Over the summer we had the blessing of having a pair of blackbirds decide to nest in the ivy just outside our bathroom window. This rare opportunity allowed us to see as clear as day the eggs in the nest and ultimately the hatchlings once they arrived. The children found all this very exciting and would check on the nest each day to see how things where coming along. Once they had hatched the children watched in fascination as they where fed, with more than a few "ewwww's" each time I would explain that the parent regurgitates the food into the babies mouth. During this time I would explain to them that a long time ago we as humans had to chew the food our babies would eat because they were not able to do so. These small moments led to times of contemplation, making me consider our position in the animal world as a human.
It reminded me that even though we spend all our time trying very hard to escape the animal world, we ultimately cannot escape something that we are bound to, such is the law of nature. Some time later, I was again led to contemplate these laws.
Once the babies had grown to the point where the nest could not host them any more it was time for them to jump ship. We came home one day to a garden full of chicks hopping about which was a great and hilarious sight to behold. The laws of nature has its funny moments it seemed, yet soon the harsh reality of nature was to strike as the magpies became aware that their dinner was on the loose in the garden. The parents jumped into action defending the babies with great efficiency so much so that if my counting is up to scratch after day one the magpies left without food. If the magpies are to survive, something would have to die, be it the chicks in my garden or the chicks somewhere else. A little later I popped my head out the door to see what all the racket was as I could hear the parents going crazy again (they make one hell of a racket!) to see the local cats sporting with one of the babies attempting to grab one away from the crazy parents.
I reacted. I ran out into the garden, chasing the cats down into a corner of the garden that they couldn't scale the fence of, jug of water in hand. A cat was about to learn that going for the chicks in this garden gets you very very wet. Once the cats has jumped ship I sat out back for a bit watching the chicks and contemplating what had just transpired. I couldn't help but ponder why I had reacted the way I had with the cats yet not with the magpies. It didn't take long for me to realise.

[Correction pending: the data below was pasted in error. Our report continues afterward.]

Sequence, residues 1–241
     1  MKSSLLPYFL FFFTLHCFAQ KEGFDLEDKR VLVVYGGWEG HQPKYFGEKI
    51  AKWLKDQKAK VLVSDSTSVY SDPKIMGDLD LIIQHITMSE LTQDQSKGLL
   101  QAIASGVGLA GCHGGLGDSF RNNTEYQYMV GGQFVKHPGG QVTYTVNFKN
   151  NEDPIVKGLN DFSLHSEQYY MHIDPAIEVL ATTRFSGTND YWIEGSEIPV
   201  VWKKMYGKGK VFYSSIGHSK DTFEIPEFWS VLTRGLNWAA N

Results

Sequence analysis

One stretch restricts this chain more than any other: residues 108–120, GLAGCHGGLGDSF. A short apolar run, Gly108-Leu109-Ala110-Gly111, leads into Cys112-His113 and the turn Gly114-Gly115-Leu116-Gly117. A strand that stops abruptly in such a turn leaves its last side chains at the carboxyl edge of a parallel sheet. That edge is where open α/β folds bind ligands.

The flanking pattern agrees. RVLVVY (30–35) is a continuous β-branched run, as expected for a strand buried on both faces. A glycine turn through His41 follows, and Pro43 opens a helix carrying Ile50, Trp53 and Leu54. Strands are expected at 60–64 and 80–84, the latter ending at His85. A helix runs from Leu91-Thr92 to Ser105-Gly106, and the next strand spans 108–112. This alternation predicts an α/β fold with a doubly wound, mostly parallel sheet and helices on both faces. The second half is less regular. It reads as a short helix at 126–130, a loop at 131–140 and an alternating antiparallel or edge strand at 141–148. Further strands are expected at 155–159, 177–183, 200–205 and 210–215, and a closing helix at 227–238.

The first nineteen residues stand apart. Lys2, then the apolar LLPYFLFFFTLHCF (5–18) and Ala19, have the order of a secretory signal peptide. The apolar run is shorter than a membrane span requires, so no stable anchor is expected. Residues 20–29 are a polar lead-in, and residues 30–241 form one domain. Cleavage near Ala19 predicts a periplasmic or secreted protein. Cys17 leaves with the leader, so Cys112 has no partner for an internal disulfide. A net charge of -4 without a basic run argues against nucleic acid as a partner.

All of life is a part of nature, from a worm, to a magpie, to a human, to a chemical waste silo. Everything is part of nature - nothing can be separate from it regardless of any negative impact it may have. That said, although everything is a part of nature not everything is completely dependant upon it. The example here is the cat given that due to a level of domestication we have removed some of it's dependence on nature and transferred that dependence onto us. The cats are happy with this arrangement and so are we and so I see no problem there. The problem lies in that although the cat has a known source of food and has no need to source any other, it ‘decides’ to do so. It impacts upon nature beyond it's need. Some of you cat lovers may say that its in the cats instincts to do so but it is not. A cat doesn't hunt because it has to put of some unrelenting drive it cannot control, a cat hunts because it can. Also bear in mind that without domestication that cat would not even be there to impact on the local ecosystem so the whole point becomes moot.
In contrast the magpie is wholly dependant on the local ecosystem, a system that nature has tweaked, managed and adapted to suit all its users so that there is usually a balance of food available to the carnivore/omnivore whilst allowing a certain survival rate to perpetuate the species. It is a delicate balance, one that can be thrown into disharmony if outside factors impact too much.
All these thoughts lead me to one simple conclusion.
We are not magpies, we are cats.
We are a domesticated animal with a difference. Due to our natural strength being our intelligence we have taken a different approach and domesticated ourselves to ourselves. Whilst the advantages of this are extremely self evident the pitfalls are even more so. Self domestication requires self discipline, self control and we have exuded neither. We behave like the cat but in the extreme. We don't hunt unnecessarily like the cat - we go much further. We capture the parents and cage them, making them have as many babies as we can to support our ever growing numbers. We have perfected this process as it makes the need to hunt them down defunct. The babies are born directly into the cage into which we keep them. Maximum output, minimum effort. We are to be appluaded for such a clever and ingenious idea, and we are to be loathed, feared and condemned for our actual use of it.
The greatest evils in the world are the ones that manage to convince you they don't exist and most of our world goes through it's life day by day oblivious to the underworld beneath it that it needs to perpetuate. We are too wrapped up in our obsession with image, instant gratification and pleasure to actually take a moment to make ourselves aware at the true cost of all this. Yet once you are aware, as a sentient, intelligent being it is then down to you and you alone to decide if you react to that knowledge or not. Sadly many don't for denial is much easier. As they say ‘ignorance is bliss’ yet we should also remember a saying from Guatama Buddha...
"Every human being is the author of his own health or disease."
No excuses, no exceptions - make your choice for you are the author of your life, no other.